In late November 2021 we released a new update to Northland’s region-wide river flood maps, to help us all better understand the risks and plan for the future.
How to access the river flood maps
The updated river flooding maps are all available on our river flood (natural hazards) map viewer. You will need to select the layers on the side to see each one.
We recommend using Firefox or Google Chrome to view these maps on desktop or tablets. The maps are not optimised for viewing on mobile phones and may not load properly.
Find your way around the maps
About the maps
These new maps allow council, hapū and iwi, and the community to better understand the risk areas and potential impact on Northland communities.
The maps show the likely extent of river flooding during significant flooding events. They replace the previous flood susceptible layers in our online mapping and are in addition to the ‘Priority Rivers’ flood maps we already have.
The maps are developed in line with best practice and modern techniques, using expert practitioners and the best information available.
Frequently asked questions
These questions and answers explain what the river flood hazard maps contain, how they were developed and what they might mean for you.
Is river flood mapping a new thing?
No. River flooding is the most common natural hazard we face in Te Taitokerau, and we’ve been working for many years to understand and reduce the risks to life and property.
We already have river flood hazard maps for 28 Northland catchments (Priority Rivers) identified as having the highest level of potential flood risk, and have developed flood risk management plans for some of our catchments together with the communities, tangata whenua, district councils and other agencies.
These latest maps cover the region’s remaining river catchments. Once you open the maps on the viewer you will see that certain catchments are covered by the ‘Priority Rivers’ and the new “Regionwide” flood maps. The Priority Rivers flood maps take precedence in these cases. However, a few of these Priority River maps have been replaced by the Regionwide maps. The listing of these can be found by downloading: Regionwide River Catchments Modelling Listing (PDF, 335KB)
How many properties are in the mapped areas?
The new regionwide river flood maps show just over 40,000 affected properties in total, with varying degrees of flood susceptibility. The new maps have identified an additional 17,000 affected properties (there were just under 23,000 properties identified in previous mapping).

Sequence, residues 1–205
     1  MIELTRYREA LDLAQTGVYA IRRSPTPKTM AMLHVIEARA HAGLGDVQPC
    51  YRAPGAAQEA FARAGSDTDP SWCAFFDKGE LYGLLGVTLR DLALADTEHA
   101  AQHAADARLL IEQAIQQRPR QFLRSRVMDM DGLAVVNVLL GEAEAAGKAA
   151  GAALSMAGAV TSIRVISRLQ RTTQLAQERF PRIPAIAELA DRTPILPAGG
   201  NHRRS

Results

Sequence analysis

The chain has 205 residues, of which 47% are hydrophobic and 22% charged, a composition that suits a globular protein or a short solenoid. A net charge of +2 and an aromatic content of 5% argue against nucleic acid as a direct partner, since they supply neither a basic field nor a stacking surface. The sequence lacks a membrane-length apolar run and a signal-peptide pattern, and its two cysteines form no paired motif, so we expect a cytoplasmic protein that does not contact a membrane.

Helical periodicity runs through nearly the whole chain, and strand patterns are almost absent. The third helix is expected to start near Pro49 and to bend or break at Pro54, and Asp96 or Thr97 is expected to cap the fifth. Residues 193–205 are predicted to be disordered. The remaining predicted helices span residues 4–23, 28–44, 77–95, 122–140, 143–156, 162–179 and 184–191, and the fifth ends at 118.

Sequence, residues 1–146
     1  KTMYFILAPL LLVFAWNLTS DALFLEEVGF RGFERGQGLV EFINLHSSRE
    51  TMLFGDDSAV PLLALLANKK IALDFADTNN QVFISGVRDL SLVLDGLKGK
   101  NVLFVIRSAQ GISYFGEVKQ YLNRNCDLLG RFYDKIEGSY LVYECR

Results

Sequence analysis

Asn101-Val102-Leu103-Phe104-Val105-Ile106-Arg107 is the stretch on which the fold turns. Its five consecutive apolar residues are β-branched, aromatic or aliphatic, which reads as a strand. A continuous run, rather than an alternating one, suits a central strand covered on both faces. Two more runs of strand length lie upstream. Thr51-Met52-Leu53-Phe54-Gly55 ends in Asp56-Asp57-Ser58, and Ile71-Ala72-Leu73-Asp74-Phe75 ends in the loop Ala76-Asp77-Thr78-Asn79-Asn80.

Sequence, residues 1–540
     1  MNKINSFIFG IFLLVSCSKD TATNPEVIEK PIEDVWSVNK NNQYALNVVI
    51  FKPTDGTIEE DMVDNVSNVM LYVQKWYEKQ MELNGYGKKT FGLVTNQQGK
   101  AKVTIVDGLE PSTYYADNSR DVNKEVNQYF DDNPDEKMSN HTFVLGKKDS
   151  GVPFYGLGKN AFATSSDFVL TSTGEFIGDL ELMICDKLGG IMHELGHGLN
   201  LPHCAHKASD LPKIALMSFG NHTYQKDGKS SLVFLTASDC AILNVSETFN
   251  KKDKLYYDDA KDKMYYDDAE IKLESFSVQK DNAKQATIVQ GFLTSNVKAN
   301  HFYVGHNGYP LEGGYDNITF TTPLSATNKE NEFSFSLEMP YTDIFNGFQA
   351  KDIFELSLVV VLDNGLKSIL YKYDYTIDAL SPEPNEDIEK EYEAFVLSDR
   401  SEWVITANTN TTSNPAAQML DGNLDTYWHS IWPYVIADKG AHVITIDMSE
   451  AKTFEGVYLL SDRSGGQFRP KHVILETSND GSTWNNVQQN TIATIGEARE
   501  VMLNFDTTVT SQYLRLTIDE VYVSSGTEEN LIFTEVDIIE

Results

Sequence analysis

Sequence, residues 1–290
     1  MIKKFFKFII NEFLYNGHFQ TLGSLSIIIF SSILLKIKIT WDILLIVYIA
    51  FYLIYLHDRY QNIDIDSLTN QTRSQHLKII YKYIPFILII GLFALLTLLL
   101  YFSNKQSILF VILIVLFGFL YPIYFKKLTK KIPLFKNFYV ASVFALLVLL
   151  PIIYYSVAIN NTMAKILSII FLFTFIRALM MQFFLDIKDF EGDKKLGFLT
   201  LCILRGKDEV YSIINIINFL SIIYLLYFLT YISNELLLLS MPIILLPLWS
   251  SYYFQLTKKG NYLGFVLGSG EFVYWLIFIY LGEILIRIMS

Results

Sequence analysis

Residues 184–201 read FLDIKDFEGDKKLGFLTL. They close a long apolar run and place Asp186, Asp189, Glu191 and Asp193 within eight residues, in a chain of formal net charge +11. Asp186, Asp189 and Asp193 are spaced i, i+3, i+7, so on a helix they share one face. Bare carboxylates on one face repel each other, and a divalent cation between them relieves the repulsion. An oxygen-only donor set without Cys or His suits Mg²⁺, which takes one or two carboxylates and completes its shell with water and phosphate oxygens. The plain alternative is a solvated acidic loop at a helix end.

What do the river flood maps show?
Three different zones show the potential extent of river flooding under four scenarios:
- Zone 1: The size of flood extent that has a 10% annual probability of happening.
- Zone 2: The size of flood extent that has a 2% annual probability of happening.
- Zone 3: The size of flood extent that has a 1% annual probability of happening and takes into account climate change effects.
The lower the probability, the bigger the flood. Find out more about how the flood maps were developed: Fact sheet - River flood map development (PDF, 154KB)
How are the river flood maps developed?
Flood maps are developed using computer models taking into consideration historic flood levels, topography, rainfall and river flows to provide an indication of areas potentially exposed flood risk.
The new maps are more accurate and take into account climate change impacts.
Find out more about how the flood maps were developed: Fact sheet - River flood map development (PDF, 154KB)
What is “Annual Exceedance Probability” and “Average Recurrence Interval”?
They’re effectively just different ways to describe the same thing – the size of a flood event.
Annual Exceedance Probability (AEP) is the probability that a flood of a certain size will happen in any given year. Average Recurrence Interval (ARI) is the average time period between floods of a different size.
An AEP of 10% and an ARI of 10 years describes a flood event of the same size.
Can a 100-year Average Recurrence Interval flood happen more than once in 100 years?
Yes – it’s just a statistical average. You could have a 100-year period with more than one flood of this size, or no floods at all of this size.
How are the maps used?
The maps are used as part of decision-making to avoid, minimise or mitigate the risks of river flooding.